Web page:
50 million people used to watch him on TV. Now he washes their cars.
A thirty-something former child star hires a foster family to re-create the childhood he never had.
2.35 : 1
Rated PG-13 for crude and sex-related humor, language and drug references.
Former Child Star, Little Boy, Actor Shares Last Name With Character, Alcoholics Anonymous, Children
DTS, Dolby Digital
Former Child Star, Actor, Alcoholics Anonymous, Actor Shares Last Name With Character
Showbiz Comedy, Slapstick
Actor's Life, All Washed Up, Nothing Goes Right, Underdogs
Goofy, Madcap, Merry, Upbeat, Easygoing, Silly
Just for Fun
Has Detailed Data (New)
10, 1, 2, 3, 7, 8
Count - Awards
Country Of Origin
Dickie Roberts: Former Child Star is a 2003 American comedy film directed by Sam Weisman and starring David Spade and Mary McCormack.
Has Detailed Data (New)
Youtube Video Code
Dickie Roberts is a former child star who shot to fame on an eponymous TV sitcom with his catchphrase "This is Nuckin' Futs!". His career subsequently halted after his 16th birthday. Since his heyday, he has been reduced to parking cars at Morton's and appearing on Celebrity Boxing, where he is matched with Emmanuel Lewis. In the public eye, Dickie is washed up.
Dickie is absolutely convinced that a new Rob Reiner movie in the works, Mr. Blake's Backyard, will be his comeback vehicle. Even after his agent does not land him an audition, Dickie persists. He pesters Tom Arnold at an Alcoholics Anonymous meeting to hook him up with Reiner. After he is kicked out because he's not an alcoholic, Dickie fakes being wasted and crashes what turns out to be a Lamaze class. However, Brendan Fraser (in an uncredited cameo appearance) is in the class and he agrees to call Reiner for Dickie.
Reiner bluntly tells Dickie that the part is not within his abilities because it requires knowing how a regular person lives. Unfortunately, Dickie never had a real childhood: he grew up in the limelight, and then his mother abandoned him when his show was canceled. Desperate to prove to Reiner that he's right for the part, Dickie sells his raunchy autobiography to raise $30,000. With the money, he pays a family to "adopt" him for a month. As expected, once Dickie hires his "family," things do not go well as he tries to fit into the household.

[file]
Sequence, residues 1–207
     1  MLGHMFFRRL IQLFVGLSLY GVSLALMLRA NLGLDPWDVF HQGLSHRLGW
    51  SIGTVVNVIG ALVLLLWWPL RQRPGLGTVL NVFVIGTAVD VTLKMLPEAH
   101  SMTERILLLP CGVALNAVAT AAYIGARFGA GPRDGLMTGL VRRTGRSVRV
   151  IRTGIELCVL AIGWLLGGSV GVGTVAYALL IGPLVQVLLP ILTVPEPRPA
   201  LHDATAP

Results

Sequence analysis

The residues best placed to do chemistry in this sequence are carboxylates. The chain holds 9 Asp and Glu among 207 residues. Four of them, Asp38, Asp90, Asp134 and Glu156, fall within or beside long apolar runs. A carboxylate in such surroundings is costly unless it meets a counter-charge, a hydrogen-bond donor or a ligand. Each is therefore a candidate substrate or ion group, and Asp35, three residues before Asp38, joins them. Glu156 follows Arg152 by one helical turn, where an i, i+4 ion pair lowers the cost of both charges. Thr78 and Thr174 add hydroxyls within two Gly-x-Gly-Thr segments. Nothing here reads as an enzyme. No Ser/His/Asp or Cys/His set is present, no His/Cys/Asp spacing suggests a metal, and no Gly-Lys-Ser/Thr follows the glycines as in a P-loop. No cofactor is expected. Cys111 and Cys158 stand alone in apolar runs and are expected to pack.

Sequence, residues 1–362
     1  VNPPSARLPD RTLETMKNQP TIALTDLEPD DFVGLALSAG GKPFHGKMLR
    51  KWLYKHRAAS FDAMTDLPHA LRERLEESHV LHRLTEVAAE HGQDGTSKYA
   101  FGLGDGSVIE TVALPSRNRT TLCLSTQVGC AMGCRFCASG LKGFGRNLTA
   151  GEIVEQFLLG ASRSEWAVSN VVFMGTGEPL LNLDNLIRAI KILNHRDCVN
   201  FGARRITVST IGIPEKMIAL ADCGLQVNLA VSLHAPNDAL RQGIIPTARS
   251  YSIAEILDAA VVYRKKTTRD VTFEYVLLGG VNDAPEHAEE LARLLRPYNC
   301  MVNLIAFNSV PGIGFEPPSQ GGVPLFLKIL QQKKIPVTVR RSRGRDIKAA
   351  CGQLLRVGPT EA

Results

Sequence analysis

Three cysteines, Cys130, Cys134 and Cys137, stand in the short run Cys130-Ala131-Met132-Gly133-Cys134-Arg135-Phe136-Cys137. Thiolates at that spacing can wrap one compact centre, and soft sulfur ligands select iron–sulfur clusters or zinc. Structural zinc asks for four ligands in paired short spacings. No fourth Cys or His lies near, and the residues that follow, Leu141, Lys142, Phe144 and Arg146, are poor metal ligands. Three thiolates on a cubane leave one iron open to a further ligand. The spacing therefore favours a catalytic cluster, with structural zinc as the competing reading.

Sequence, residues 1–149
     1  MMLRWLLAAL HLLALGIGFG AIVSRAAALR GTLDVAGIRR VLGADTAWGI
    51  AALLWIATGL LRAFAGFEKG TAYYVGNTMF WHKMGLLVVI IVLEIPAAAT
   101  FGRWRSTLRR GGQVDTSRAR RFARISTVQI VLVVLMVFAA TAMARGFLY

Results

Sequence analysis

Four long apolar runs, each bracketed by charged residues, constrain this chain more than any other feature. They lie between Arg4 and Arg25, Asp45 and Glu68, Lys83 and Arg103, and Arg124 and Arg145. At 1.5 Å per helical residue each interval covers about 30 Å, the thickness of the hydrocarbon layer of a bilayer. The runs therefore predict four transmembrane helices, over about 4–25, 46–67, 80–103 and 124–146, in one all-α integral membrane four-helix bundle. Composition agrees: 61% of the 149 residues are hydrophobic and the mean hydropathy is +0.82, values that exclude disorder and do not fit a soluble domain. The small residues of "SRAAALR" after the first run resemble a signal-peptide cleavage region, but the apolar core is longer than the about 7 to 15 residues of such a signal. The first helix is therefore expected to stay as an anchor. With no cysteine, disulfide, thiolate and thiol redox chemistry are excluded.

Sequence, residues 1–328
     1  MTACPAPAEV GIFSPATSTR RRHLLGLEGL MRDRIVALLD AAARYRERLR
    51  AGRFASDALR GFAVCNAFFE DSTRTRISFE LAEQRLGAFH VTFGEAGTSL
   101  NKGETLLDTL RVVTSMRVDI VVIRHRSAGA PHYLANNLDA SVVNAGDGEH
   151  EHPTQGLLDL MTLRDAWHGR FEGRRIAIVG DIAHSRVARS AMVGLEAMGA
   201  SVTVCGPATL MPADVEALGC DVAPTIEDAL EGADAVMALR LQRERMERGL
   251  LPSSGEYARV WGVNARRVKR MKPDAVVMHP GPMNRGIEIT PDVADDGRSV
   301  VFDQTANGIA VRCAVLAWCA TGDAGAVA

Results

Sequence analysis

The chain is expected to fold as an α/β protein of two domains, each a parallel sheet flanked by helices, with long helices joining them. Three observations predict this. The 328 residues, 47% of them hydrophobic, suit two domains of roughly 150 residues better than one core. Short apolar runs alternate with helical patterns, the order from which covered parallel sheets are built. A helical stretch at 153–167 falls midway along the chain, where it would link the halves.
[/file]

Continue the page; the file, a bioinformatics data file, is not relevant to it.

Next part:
Dickie learns much about himself and life in general, and finally lands the part. Along the way, he helps the family's son score a date with his dream girl and helps the daughter join the pep squad. The main lesson he learns is from Blake's Backyard itself: sometimes the things you want are in your own backyard. When his gold-digger girlfriend runs off with the self-centered father of his fake family, Dickie gives up the part to be with the family he has come to love.
The movie ends with a faux E! True Hollywood Story report on Dickie, who now turns his real story into a new sitcom that uses all of his old friends, as well as his new family (including the mother, whom he has married). The Closing Credits are a take-off on Relief albums listed as "To help former child stars". The lyrics include such treats as The Brady Bunch's Maureen McCormick singing "please don't call me "Marcia" or I'll bust your fucking head" and many in-jokes for fans of old TV sitcoms.
The movie shows Dickie interacting with numerous former child stars (played by over two dozen actual former stars lampooning their careers, such as Leif Garrett, Barry Williams, Dustin Diamond and Danny Bonaduce).
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